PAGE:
Tire Business contacted several dealers to see how they fared in 2015 and what they anticipate for the New Year. The following are edited versions of those interviews.
Q: Generally speaking, how would you say business fared for you in 2015?
A: “This year has been good. Our sales are up about 18 percent over last year. We're real happy with the results. Profits are up about 21 percent.”
Q: What would you attribute that to?
A: “I think a lot of it has to do with our mix. Tire (sales) were a little soft this year, and our service business has really picked up a lot. Most of the profit was derived from the service business.
“Our new store (opened in 2014), that thing just keeps on growing like a weed. Our car count there is phenomenal. It's over 1,000 cars a month in that place. I think the fact that being in our second year in business, people became more familiar with the facility. We're continuing to take care of the customers the way they need to be taken care of, and as a result they just keep bringing their cars back.
“Overall, I'm not disappointed with where we are this year. The economy has a lot to do with it. It's still pretty soft. As much as people like to think it's doing well, there are still a lot of soft spots in the market and, of course, there are a lot of competitors. Margins on tires have dropped phenomenally over the last six or seven months. There's probably been more retreat in margins over the last six or eight months than I've seen in probably the last five years....
“New car sales are going through the roof...and so the replacement tire business is down because everybody's buying new cars. The 13 million cars that they sold this year, those could've been tires—50 million tires—in the aftermarket that aren't being sold.”
Q: How are you compensating for that? By doing more automotive service?
A: “Everybody is doing more service business. Half the advertising is directed just to services. It used to be that 70 percent of the advertising in our business was tire-related, but now at least half of our business is service related. Our mix as a company used to be about 65/35 tires to service, and now we're at 60/40.”
Q: Do you see that shifting further?
A: You're asking a tire guy the wrong question. I would hope that (units) continue to grow, and our objective is to grow our units. I think that if we can see some growth of 3 percent in 2016 I'd probably be satisfied with that.”
Q: What are your overall expectations heading into 2016?
A: “All indications are that business will continue to be like this over the next 10 to 12 months, so I'm cautiously optimistic. I think we're probably going to grow the business about 5 percent over inflation. If we do that, we'll be OK. Anything over that and I'd be real happy.”
Q: Are you considering any expansion opportunities or new equipment in the coming year?
A: “We're looking at some new equipment, new Hunter equipment. They're our primary supplier of equipment. Some of the new stuff they have, we're looking at that. We may upgrade one of the store's alignment machines. Anything we do is really going to be driven—because our tire equipment is brand new—more by the service area. Speed and traffic.”
Q: What about employee training? Are you planning to invest in that in 2016?
A: “Yes. We are looking to utilize the Michelin Alliance training programs they have available to us through ATD (American Tire Distributors Holdings Inc.). We'll be sending our salesmen and managers to that training throughout the year. We're a member of TIA (Tire Industry Association), so we'll be doing some training through them. Also, Tire Pros has a big library of training materials available to us online.”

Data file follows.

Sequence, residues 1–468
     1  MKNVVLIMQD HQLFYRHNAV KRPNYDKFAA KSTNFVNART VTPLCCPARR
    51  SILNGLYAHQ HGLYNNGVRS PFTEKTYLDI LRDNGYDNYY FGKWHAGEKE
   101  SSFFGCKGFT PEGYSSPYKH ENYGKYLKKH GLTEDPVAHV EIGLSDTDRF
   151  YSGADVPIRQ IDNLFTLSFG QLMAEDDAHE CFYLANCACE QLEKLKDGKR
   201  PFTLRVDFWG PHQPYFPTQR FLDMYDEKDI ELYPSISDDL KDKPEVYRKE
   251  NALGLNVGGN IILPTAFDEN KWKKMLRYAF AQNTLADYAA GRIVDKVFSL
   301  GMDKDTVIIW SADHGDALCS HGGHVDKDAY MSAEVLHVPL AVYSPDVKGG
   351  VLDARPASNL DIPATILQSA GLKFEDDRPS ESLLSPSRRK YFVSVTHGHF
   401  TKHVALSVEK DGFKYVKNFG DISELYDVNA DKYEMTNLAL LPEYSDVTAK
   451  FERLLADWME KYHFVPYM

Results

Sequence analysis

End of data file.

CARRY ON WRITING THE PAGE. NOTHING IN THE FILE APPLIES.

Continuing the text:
Q: What challenges and competitive pressures do you believe will have the biggest impact on your business this year?
A: “The biggest challenge is people. This is not a glamorous business. Nobody wants to do what we do. And I don't mean this in a bad way, but you know, this is a dirty job. It's not very glamorous, you know?
“People tend to gravitate away from this type of concept because the money they're expecting they don't expect to make that kind of money here. So there's a lot of high-quality, highly trained people that might not be interested in coming into our business because they don't see this as a pretty business....
“If you have any sort of skill set in this business you can make serious money. A really top-notch salesman can be making $60,000 to $70,000 a year to start at our new location.”
Q: Anything else you want to add?
A: “Regulatory problems between the state and the federal government are driving us nuts.”
Q: What specifically?
A: “In our state it's mandatory that every employee, whether you're full time or part time, gets three days of sick leave. There's no excuses, no exceptions—everyone gets it. When you're talking about 40 or so employees, that's 120 days sick leave that after you pay that comes straight out of the profits of the business.
“And it's not a bad deal, but you know, when the margins are as thin as they are you're taking that much money out of our pocket. It's got to come from somewhere.”
Q: What are your thoughts on tire registration?
A: “There's another issue I was hoping that would go away—but it didn't. That will be another issue we'll have to start with in January. I think we're probably going to use a service provider that can do that sort of thing for us. I just don't see us being able to take the time to do it ourselves.”
To reach this reporter: wschertz@ crain.com; 330-865-6148; Twitter: @Will_Schertz
What issue concerns you most heading into 2019?
|The threat of more tariffs.||
27% (27 votes)
|The new Congress in Washington.||
35% (35 votes)
|Price fluctuations for the products we sell.||
10% (10 votes)
|More disruptions across the industry.||
29% (29 votes)
|Total votes: 101|